A bifurcated clamp member 39 (shown particularly in Figure 5) is iastened adjacent the low er partoi the socket it) by means of a pair of screwtrneadedholtsufll and is provided at its upper shoulder end with a, pair of rubber pads 35 adapted grippingly to fit over and to seal the nostrils of the wearer, as indicated in Figure 1.

The operation of the novel emergency breather of the present invention is as follows:

Should the need arise for an emergency supply of oxygen (as for example, when the wearer is' under water or is in an atmosphere containing insuificent oxygen or containing noxious gases),

he attaches the emergency oxygen breather by gripping the mouth-piece 28 and by fastening the pads 35 of the clamp member about his nostrils to shut off breathing through the nose. 1

The screw 33 is then, tightened to drive th piercing element I8 upward and to break the seal [1. This permits the oxygen or air within the cartridge I I to escape into the bag 23. As car be seen particularly in Figure 1, theapertured connector 25, the opening l2, the pipe 21 and the apertured mouth-piece 28 form a continuous passage from thev bag 23 to the mouth of the wearer.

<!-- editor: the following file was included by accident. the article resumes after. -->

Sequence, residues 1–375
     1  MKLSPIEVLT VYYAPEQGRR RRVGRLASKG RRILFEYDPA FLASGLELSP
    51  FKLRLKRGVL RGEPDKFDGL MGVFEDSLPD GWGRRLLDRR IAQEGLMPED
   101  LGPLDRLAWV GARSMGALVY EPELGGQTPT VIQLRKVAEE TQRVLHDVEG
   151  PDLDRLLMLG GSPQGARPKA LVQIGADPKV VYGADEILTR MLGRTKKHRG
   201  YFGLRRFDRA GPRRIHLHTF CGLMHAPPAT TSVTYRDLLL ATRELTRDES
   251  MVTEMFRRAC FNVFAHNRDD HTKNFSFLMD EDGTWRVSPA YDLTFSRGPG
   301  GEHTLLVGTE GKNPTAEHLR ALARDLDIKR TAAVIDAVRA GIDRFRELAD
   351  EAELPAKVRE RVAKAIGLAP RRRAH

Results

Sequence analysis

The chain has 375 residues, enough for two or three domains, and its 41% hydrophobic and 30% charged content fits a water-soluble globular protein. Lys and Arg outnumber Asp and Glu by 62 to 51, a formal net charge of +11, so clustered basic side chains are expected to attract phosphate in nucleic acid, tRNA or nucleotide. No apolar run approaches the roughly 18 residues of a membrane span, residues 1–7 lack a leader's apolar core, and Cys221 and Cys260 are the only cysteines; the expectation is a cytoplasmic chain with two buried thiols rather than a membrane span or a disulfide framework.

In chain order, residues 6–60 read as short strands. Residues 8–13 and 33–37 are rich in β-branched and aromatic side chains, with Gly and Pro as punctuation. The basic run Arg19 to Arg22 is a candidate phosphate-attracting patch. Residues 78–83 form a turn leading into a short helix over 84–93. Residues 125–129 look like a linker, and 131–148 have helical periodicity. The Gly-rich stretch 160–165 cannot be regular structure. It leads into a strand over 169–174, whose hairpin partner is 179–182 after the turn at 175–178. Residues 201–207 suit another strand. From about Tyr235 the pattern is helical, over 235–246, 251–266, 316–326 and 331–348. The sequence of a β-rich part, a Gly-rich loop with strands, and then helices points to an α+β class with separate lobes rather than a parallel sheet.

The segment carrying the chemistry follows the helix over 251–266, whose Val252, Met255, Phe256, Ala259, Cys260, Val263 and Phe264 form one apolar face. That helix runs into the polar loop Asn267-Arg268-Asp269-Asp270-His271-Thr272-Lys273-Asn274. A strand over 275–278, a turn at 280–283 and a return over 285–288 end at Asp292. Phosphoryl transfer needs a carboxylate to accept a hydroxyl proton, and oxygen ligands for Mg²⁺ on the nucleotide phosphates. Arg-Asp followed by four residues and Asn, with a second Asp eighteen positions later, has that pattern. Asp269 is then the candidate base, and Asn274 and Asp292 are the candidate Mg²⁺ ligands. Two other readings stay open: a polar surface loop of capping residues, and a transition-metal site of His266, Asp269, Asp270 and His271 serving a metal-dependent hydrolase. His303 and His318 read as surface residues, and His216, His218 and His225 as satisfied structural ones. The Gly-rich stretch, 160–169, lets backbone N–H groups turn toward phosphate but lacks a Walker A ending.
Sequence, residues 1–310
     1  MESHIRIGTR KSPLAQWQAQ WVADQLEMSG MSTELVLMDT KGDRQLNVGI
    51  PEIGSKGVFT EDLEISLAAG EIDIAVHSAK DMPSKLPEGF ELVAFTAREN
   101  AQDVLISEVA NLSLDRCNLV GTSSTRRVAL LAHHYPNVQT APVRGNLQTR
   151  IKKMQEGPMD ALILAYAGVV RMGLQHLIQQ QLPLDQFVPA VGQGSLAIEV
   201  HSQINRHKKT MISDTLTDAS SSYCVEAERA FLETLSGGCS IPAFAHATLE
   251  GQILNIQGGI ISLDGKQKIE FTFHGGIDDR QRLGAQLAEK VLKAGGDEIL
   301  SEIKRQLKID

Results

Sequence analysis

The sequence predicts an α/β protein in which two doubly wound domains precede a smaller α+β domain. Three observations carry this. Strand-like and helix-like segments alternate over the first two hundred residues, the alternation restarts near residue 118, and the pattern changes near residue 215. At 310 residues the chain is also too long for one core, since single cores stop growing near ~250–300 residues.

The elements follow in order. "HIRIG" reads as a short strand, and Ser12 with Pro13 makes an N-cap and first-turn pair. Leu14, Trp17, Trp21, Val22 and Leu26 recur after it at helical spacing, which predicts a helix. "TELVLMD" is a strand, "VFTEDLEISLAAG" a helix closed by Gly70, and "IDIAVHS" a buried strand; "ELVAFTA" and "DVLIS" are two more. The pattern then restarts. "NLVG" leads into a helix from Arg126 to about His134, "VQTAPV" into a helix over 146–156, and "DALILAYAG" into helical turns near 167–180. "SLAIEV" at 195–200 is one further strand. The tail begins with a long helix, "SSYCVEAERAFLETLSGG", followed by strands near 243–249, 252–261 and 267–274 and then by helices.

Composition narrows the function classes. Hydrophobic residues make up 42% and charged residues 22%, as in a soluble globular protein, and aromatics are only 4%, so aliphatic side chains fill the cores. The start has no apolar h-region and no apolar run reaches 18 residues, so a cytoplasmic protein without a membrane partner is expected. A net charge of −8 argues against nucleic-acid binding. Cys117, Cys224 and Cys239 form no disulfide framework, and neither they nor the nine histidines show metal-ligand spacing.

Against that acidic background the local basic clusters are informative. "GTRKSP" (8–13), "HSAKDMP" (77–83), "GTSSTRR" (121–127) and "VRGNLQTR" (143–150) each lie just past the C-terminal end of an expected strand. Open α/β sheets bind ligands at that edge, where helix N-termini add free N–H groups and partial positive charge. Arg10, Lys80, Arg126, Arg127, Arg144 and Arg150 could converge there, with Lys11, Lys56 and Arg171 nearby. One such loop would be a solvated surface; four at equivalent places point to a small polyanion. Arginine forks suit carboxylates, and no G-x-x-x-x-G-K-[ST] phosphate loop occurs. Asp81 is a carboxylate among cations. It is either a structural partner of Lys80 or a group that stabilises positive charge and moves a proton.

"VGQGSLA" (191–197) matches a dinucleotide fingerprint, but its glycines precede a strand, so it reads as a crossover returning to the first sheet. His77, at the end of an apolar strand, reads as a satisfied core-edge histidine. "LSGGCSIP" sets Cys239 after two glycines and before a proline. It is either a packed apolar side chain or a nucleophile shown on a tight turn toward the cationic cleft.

Thus, when the wearer breathes through his mouth, he takes in oxygen from the bag 23.

The wearer continues *inhaling from and exhaling into the bag 23 thereby gradually using up the oxygen. 7 V V V The cartridge H can be made large enough to provide sufficient oxygen for or minutes or known in the art, to permit venting of the exhaled air and thereby to preventthe building up of carbon dioxide in the breather'system.

When it is desired to replace an exhausted cartridge, the screw 2| is retracted and the upper screw 34 is then retracted to loosen the yoke lfi and to permit it to be swung about the bolt 33 to the position shown in the'dash-dot lines in Figure 3. The socket Ill is then inverted whereupon the exhausted cartridge drops out. 1

A new cartridge can then be inserted and the yoke l6 swung back'to the solid-line position of Figure 3 after which the screw 34 is tightened and the oxygen breather is ready for use.

The compressible ring ,I 4, in addition to provide 7 a resilient support for the shoulder of the cartridge H as described above, also forms a fluid-tight seal intermediate said cartridge l land 7 the adjacent portion of the socket H'Lthereby V preventing escape of oxygen through the open invention provides asmall, simple, compact,

light weight, self-contained, easily attached unit which requires no supporting straps or braces or masks, other than the clamp member 30 which is essential to prevent breathing through the nose and therrubber bit that forms the mouthpiece.

Thus, the breather and the oxygen supplyare 4 should any emergency arise requiring a rary source of oxygen.